by Ryan Havely  The People Who VanishYou wear the wind around you
like a favorite shawl.  I try
to hold you against me
and you go to ashes.  You
leave like a storm,
tie your hair
with ribbons
like rivers
like ribbons.  Others have gone this way.
The self-proclaimed matador
who called himself Gazania
fell through a puddle
and vanished.  The old women
say he was dreamed
by a sick child
or the widow whose lover
wandered up the blue ridge
toward Phoenix Mountain
one dawn and never wandered
back.  His hat came bobbing
down Cranberry Creek
later that summer.  The old women
say a widow can build a man
out of dreams.  She left too,
the widow.  A pack of dogs
watched her float, sleeping,
into the foggy moon
not long after Gazania
slipped through that crack
in his reflection.  Most people say dogs lie
but the old women
know a late mist held the widow
like a girdle that night
and before she was gone
she fluttered in the wind
like a cattail.  Your eyes
bare a luster of going, and this is not a place
where the people refuse to go.
Maybe you jump
into a kiss of smoke
and scatter, or you dream
a copper hill
rich in Spanish Poppy
and wake there.  How you go
is your business, just as the wind
that takes you
is the wind’s business
and the hard shadows
you leave behind
like oil stains
offer their empty
to the others
who follow you away.   Chicken LittleCan you imagine a world more sad
more penetrated or irate
more whole and unforgotten
Anything you say before sunset is true
rain falls in straight lines and the drops
never touch           if they touched the sky’d fall
with them           if the sky falls you’ll wake up afraid
if you’re afraid          you’ll hurt yourself          and others
if you hurt yourself     and others the seas     won’t churn
if the seas don’t churn     math won’t work     if math
won’t work the numbers     can’t match and   if the
numbers can’t match the      sky  might  fall   and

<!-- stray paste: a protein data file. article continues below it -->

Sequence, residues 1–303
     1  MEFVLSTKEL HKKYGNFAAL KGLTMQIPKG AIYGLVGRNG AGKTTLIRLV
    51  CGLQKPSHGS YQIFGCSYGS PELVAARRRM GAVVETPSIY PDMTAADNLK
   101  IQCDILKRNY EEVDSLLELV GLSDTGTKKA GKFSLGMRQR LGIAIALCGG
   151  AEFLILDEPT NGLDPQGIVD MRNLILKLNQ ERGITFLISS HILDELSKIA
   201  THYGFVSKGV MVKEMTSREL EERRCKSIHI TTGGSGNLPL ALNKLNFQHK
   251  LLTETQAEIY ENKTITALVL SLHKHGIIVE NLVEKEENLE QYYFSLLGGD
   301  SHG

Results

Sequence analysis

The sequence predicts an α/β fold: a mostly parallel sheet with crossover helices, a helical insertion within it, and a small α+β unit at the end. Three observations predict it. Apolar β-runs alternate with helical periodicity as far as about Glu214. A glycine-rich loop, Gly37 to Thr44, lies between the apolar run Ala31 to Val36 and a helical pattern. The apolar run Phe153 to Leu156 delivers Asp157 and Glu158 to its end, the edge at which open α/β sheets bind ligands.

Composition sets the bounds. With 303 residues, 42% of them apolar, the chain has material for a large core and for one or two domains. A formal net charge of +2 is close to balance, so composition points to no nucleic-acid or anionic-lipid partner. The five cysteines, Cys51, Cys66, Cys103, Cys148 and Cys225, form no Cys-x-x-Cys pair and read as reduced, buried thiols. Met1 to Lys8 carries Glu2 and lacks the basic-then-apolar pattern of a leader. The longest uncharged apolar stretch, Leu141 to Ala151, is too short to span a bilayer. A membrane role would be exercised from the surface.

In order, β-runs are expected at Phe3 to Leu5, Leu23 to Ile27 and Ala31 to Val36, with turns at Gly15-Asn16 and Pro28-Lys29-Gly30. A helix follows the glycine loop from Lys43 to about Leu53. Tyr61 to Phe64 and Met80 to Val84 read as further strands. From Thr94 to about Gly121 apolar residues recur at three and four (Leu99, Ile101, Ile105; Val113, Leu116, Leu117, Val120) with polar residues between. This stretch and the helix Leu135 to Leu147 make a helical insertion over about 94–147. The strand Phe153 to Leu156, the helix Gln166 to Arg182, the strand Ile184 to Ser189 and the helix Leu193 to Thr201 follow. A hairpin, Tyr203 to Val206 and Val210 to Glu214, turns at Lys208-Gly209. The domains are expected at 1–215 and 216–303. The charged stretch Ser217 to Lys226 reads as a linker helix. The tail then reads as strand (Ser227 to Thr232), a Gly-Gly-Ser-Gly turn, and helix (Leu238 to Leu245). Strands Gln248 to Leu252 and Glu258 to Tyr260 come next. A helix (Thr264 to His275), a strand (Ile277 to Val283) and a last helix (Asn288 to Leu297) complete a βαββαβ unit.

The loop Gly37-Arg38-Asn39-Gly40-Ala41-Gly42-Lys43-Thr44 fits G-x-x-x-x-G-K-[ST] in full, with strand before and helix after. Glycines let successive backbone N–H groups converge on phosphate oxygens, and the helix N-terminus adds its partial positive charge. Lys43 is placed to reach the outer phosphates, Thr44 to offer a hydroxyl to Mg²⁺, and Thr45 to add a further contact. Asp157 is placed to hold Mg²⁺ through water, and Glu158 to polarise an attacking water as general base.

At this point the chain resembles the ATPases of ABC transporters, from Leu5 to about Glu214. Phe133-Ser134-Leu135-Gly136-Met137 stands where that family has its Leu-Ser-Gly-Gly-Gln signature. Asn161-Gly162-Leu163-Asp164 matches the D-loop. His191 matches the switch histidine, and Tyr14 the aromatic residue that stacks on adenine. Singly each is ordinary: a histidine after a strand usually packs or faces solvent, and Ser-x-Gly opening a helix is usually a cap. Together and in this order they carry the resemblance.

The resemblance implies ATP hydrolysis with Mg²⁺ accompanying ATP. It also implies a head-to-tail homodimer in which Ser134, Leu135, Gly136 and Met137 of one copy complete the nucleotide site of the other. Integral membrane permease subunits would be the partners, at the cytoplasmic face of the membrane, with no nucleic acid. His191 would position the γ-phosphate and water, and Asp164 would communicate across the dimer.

if the sky falls we’ll all be    afraid  again and if
we’re afraid we’ll send men with no beards
as far as we can send them and we’ll tell
them to draw lines on the earth and waitto rise like suns from holes in the mud
and run like rivers toward guns
We’ll tell them they can’t be afraid
because we’re not afraid
and the sky hasn’t fallen
and the numbers check out       Isn’t It Was Love?Imagine it’s about you,
this poem, any poem
you like.  Ask me to write
you a poem, and I’m finished.
I wrote it when I wrote
this poem, now, then,
back right now when
I’m wrote, when I writing
with you docked like a canoe,
tied to a tree on a sandbar in my
imagination.  Ask what is not
about you, what thought could be,
what thinking would even matter
were you not its seed,
and I will tell you
                       nothing.   Seppuku in the KitchenFirst, cut a green pepper, red pepper, and onion
into long, thin strips, and set aside.  Some
snowflakes melt before they find ground,
yet each is no less a snowflake
than the pebble in your sock is less a stone
than the granite slab on the riverbed—
rainbow trout resting an inch above
in the never-ending water that dreams
of stillness.  The trout find peace in high currents,
find stillness in hurried streams.  Next, peel
and dice two large cloves of garlic and chop
a nice handful of cilantro.  Put your skillet
over medium-high heat.  Do not blame
the nightmare for your terror.  The nightmare’s
job is to frighten, as the song’s job is to tempt,
as the autumn-red oak leaf’s job
is to castle windsweptly downward and skirt
along the ground, farther from home
with each gust.  Coat pan with oil and add
peppers, onions, and the chicken you
marinated overnight while the red moon
lingered in your window like a grifter
so when you wanted to see out you only saw
your face on the moon, your vapid eyes
at the bottoms of bloodshot craters, boot-prints
stamped into your skin.  Stir frequently. 
When chicken is cooked through,
add garlic and one-third cilantro to hot pan, turn
off heat and stir.  Next, kneel and insert blade into abdomen
just left of navel and cut toward right until
overcome with pain.  Finally, pull blade upward,
cut until blade hits moon and recite your death poem.
If you’ve nothing to say, the moon
says nothing, so wash your hands
and start again.  If each word
of your breath rhymes with the moon,
it will sit like a jester in your window.
Go with him.  Listen to his stories,
laugh at his jokes.
Serve with tortillas.        About the Author:Ryan HavelyRyan Havely earned his B.A. in English from Ohio University and his M.F.A. in Creative Writing from Minnesota State. He worked as a college professor for a decade before moving into marketing. His work is found in such magazines as Pebble Lake Review, Ampersand, Midwestern Gothic, and Main Street Rag, among others.